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Oil Spill Dispersants: Efficacy and Effects (2005)

Chapter: 4 Transport and Fate

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Suggested Citation:"4 Transport and Fate." National Research Council. 2005. Oil Spill Dispersants: Efficacy and Effects. Washington, DC: The National Academies Press. doi: 10.17226/11283.
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4
Transport and Fate

Spilled oil is transported, and its composition and character altered, by a variety of physical, chemical, and biological processes (Figure 4-1). Use of chemical dispersants changes the relative importance of these processes, affecting the fate of the oil, and altering subsequent ecological effects. Thus, it is important to understand the transport and fate of oil with and without dispersant use. A number of comprehensive studies have reviewed these mechanisms including Stolzenbach et al. (1977), Kerr and Barrientos (1979), Huang and Monastero (1982), Payne and McNabb (1984), Payne et al. (1984), Delvigne et al. (1986), Spaulding (1988), Lee et al. (1990), Payne et al. (1991a,b,c,d), Yapa and Shen (1994), ASCE (1996), Reed et al. (1999), Payne and French-McCay (2001), Payne and Driskell (2003), and NRC (1985, 1989, 2003). These mechanisms are reviewed briefly in the first two sections of this chapter, with a focus on how transport and fate influence the subsurface concentration of oil, and how the composition and concentration of surface and entrained oil droplets can be expected to vary with and without application of chemical dispersants. The latter portion of the chapter and Appendix E discuss how the mechanisms are integrated into computer oil spill models that simulate the fate of spilled oil, and how such models are used (or might be used) for purposes of pre-planning, emergency response, and natural resource damage assessment.

TRANSPORT PROCESSES

There are three major modes of transport for spilled oil or petroleum products discussed in the following subsections. The first deals with the

Suggested Citation:"4 Transport and Fate." National Research Council. 2005. Oil Spill Dispersants: Efficacy and Effects. Washington, DC: The National Academies Press. doi: 10.17226/11283.
×

FIGURE 4-1 Major open-ocean oil fate and transport processes.

SOURCE: NRC, 1985.

surface transport of slicks, which is important because the shape, thickness, and location of a slick affect the ability to effectively apply dispersants. The second subsection deals with vertical transport, which is responsible for the initial dilution of dispersed oil. Finally, the last subsection deals with horizontal subsurface transport, which is responsible for the ultimate dilution of dispersed oil.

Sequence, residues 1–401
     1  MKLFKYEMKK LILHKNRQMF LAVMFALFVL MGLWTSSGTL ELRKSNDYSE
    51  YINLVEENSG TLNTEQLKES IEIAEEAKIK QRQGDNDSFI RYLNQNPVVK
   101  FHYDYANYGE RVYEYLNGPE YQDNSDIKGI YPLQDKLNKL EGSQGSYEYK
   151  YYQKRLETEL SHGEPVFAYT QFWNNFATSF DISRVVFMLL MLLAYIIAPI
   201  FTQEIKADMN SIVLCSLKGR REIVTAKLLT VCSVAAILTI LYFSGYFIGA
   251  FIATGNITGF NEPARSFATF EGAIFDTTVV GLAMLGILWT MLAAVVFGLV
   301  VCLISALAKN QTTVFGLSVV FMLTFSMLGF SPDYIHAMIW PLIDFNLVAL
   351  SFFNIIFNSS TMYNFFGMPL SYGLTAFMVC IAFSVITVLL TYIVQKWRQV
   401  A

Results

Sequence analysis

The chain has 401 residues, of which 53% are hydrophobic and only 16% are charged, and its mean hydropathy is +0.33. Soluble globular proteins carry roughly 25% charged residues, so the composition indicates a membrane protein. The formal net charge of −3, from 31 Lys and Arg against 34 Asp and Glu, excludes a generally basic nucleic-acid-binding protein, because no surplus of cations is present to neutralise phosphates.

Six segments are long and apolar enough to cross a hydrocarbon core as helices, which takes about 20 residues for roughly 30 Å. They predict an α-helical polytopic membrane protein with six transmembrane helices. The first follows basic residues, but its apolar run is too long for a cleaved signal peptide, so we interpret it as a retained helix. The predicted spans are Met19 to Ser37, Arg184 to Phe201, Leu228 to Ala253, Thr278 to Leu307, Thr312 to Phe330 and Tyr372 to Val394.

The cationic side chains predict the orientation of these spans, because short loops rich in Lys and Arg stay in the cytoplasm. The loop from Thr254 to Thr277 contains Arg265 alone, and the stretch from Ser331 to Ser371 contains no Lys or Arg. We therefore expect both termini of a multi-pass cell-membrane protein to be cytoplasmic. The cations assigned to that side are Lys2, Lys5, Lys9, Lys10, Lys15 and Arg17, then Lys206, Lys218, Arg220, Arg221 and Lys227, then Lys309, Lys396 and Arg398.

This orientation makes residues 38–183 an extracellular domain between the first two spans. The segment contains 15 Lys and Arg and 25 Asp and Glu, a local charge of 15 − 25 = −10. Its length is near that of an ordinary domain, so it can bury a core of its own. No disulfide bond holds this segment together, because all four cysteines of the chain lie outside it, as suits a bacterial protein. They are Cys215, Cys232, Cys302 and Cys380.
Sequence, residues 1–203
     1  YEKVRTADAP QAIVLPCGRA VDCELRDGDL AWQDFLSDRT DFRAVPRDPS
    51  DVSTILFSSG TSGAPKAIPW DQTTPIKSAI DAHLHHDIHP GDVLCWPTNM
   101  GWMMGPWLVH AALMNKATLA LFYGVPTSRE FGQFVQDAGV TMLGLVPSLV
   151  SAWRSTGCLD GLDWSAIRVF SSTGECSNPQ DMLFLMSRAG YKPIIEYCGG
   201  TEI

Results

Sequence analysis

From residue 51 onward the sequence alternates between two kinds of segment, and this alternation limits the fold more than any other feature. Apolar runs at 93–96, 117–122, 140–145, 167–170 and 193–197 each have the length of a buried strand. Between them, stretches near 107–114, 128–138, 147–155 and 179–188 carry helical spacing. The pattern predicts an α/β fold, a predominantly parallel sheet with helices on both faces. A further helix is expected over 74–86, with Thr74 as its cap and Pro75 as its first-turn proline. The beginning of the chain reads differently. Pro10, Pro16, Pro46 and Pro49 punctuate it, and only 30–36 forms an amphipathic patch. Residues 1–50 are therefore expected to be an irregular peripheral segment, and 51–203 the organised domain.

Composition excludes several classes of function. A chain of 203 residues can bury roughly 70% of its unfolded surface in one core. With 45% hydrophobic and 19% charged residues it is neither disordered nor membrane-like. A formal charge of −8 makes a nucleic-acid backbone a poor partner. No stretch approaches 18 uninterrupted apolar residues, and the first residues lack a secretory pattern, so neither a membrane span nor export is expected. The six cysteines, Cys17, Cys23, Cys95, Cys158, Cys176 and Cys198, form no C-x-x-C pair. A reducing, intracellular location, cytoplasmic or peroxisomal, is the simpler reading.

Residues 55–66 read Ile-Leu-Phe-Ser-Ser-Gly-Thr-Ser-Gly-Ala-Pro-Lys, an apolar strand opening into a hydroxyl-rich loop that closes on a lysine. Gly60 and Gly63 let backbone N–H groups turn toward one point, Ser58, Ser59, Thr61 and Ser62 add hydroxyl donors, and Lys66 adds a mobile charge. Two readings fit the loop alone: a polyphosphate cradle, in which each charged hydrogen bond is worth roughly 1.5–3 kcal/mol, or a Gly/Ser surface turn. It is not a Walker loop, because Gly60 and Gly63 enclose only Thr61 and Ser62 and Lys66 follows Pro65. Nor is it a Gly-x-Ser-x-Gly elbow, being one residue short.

Surface Transport

Oil spilled directly on a calm water surface spreads radially by gravity and is resisted by inertia, viscosity, and surface tension until the slick reaches a thickness of ~0.1 mm. Fay (1969), Hoult (1972), and others have modeled this spreading under idealized conditions (e.g., instantaneous spill, no wind, no waves). Application of chemical dispersants can temporarily affect this spreading through the phenomenon of herding.

Suggested Citation:"4 Transport and Fate." National Research Council. 2005. Oil Spill Dispersants: Efficacy and Effects. Washington, DC: The National Academies Press. doi: 10.17226/11283.
×

Additional spreading takes place because (1) oil is usually spilled over a period of time and into a moving current, (2) wind, waves, and non-uniform currents diffuse and break up the slick, and (3) droplets periodi-cally disperse and resurface, tending to stretch the plume. This last mechanism has been described by Johansen (1984) and Elliott et al. (1986) and may increase in significance when considering the fate of chemically dispersed oil.

Slick thicknesses were estimated during several well-documented oil spills, usually indirectly by dividing volume/area (Mackay and Chau, 1986; Lunel and Lewis, 1993a,b; Lewis et al., 1995a,b; Walker et al., 1995; Brandvik et al., 1996; Brown et al., 2000). These studies indicate that oil does not spread uniformly, but is irregular in shape and thickness—generally elongated in the direction of the wind and often composed of thick patches (>1 mm) and thinner sheens (<0.01 mm). S.L. Ross (1997) gives a general rule of thumb that 90 percent of an oil spill’s volume is contained in 10 percent of its area. Figure 2-5 (in Chapter 2) presents representative descriptions of the wide range of slick thicknesses typical of an oil slick along with an approximation of the estimated volume/unit area for the different thicknesses. The non-uniform characteristics of a slick can be included in models (e.g., Mackay et al., 1980a,b; Lehr et al., 1984), but such models are basically empirical.

Surface spreading has important implications for the operational effectiveness of dispersant application because dispersant delivery systems have finite encounter rates (area coated per unit time) and capacities (total volume of dispersant used; Gregory et al., 1999). As such, dispersants are most effective when they are applied as soon as possible (before the slick has had time to spread and break up), and with the benefit of airborne sensing to identify locations of maximum slick thickness. In particularly thick regions, it is not practical to treat the slicks with a single pass and lacking visual confirmation of dispersion, a multi-pass approach is often used (S.L. Ross, 1997; Lunel et al., 1997b).